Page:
6.  On 12 March 2003 the Istanbul public prosecutor filed an indictment with the Istanbul Assize Court, charging the applicant with disseminating propaganda in favour of a terrorist organisation under section 5 of the Prevention of Terrorism Act (Law no. 3713). According to the indictment, the entire book praised the lives of members of an illegal organisation, the PKK/KADEK (Workers’ Party of Kurdistan/Kurdistan Freedom and Democracy Congress), in rural areas.

7.  On 8 May 2007 the Istanbul Assize Court convicted the applicant of disseminating propaganda in support of the PKK under section 7(2) of Law no. 3713 as he had published the book in question. Examining the book in its entirety, the Assize Court considered that the book narrated the armed resistance of alleged members of the PKK/KADEK and portrayed them as heroic figures, which also served the purpose of strengthening the conviction that taking up arms was legitimate and righteous. The Assize Court concluded that the book praised the terrorist organisation, and contained elements which constituted incitement to violence. It accordingly sentenced the applicant to five months’ imprisonment and ordered him to pay a fine of 288 Turkish liras (at the relevant time, 158.67 euros).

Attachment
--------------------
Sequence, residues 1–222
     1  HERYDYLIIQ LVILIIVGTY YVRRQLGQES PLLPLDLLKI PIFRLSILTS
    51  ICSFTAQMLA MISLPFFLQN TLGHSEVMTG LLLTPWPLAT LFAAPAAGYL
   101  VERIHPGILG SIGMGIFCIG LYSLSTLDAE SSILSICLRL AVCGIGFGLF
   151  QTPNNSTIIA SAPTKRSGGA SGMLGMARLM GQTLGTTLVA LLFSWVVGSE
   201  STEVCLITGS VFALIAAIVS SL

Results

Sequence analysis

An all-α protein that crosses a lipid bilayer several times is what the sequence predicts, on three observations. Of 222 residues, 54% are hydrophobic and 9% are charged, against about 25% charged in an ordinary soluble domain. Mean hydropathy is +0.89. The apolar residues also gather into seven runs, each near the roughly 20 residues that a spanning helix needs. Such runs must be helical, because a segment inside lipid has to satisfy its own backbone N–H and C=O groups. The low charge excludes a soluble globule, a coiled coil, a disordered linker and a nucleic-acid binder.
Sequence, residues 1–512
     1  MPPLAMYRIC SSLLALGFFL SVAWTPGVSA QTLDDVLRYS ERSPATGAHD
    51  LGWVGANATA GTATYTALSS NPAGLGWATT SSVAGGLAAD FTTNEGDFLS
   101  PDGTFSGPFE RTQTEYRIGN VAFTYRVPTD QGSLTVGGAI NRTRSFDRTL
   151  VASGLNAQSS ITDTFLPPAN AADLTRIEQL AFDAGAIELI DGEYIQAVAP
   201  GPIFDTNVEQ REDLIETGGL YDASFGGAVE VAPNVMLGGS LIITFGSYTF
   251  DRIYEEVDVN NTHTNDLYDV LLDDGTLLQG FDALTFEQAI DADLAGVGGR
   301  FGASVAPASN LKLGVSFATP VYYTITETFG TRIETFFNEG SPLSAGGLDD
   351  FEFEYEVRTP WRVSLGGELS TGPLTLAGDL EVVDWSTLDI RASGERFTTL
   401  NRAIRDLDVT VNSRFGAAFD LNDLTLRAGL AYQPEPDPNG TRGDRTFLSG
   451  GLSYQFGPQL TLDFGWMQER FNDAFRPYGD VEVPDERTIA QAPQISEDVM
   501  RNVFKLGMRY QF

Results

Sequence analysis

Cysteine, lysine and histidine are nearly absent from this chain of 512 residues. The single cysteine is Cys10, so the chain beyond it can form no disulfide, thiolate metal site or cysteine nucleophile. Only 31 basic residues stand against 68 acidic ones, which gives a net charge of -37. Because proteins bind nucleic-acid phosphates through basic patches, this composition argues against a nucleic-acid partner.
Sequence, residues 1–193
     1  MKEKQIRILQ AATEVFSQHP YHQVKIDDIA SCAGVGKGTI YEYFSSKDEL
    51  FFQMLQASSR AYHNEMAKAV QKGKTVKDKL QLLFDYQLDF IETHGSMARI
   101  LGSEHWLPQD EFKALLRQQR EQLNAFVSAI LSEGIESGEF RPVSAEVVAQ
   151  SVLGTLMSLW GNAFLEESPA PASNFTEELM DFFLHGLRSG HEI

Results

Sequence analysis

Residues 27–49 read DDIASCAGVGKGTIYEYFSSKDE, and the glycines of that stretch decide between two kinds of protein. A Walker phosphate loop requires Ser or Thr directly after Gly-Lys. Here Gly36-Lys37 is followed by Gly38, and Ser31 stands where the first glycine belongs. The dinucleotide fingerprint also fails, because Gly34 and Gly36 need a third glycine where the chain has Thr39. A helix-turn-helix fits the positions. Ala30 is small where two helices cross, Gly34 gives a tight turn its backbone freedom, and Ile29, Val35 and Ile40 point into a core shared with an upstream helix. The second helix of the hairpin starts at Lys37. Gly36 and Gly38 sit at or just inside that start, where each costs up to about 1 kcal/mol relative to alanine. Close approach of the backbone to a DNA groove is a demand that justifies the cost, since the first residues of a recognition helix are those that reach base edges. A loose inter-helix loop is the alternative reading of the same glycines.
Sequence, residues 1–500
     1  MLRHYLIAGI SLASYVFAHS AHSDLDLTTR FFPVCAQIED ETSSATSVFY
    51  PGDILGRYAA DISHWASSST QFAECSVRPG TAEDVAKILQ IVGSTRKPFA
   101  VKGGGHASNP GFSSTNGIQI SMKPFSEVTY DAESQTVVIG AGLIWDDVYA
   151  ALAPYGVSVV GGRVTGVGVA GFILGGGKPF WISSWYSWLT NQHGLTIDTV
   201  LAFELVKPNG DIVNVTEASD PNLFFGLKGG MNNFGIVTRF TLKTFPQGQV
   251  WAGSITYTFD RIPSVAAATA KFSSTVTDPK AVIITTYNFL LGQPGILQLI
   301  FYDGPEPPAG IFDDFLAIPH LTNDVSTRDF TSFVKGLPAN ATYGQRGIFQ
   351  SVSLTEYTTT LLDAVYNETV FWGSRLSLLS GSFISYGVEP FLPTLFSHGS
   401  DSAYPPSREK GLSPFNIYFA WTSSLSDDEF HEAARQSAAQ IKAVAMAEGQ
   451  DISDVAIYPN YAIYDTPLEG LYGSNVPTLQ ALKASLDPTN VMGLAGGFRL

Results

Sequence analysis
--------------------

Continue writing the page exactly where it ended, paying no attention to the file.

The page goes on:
8.  Upon an appeal by the applicant, on 8 November 2010 the Court of Cassation discontinued the proceedings as the prosecution had become time-barred.

B.  Relevant domestic law

9.  The relevant domestic law applicable at the material time can be found in Belge v. Turkey (no. 50171/09, § 19, 6 December 2016).

10.  In particular, at the time of the events giving rise to the present application, section 7(2) of Law no. 3713 read as follows:

“Any person who disseminates propaganda in favour of a terrorist organisation shall be liable to [serve] a term of imprisonment of one to five years …”

COMPLAINT

11.  The applicant complained under Article 10 of the Convention that his criminal conviction under section 7(2) of Law no. 3713 had constituted a violation of his right to freedom of expression.

THE LAW

I.  ALLEGED VIOLATION OF ARTICLE 10 OF THE CONVENTION

12.  The applicant, relying on Article 10 of the Convention, alleged that his trial and conviction by Turkish courts for publishing a book had violated his right to freedom of expression.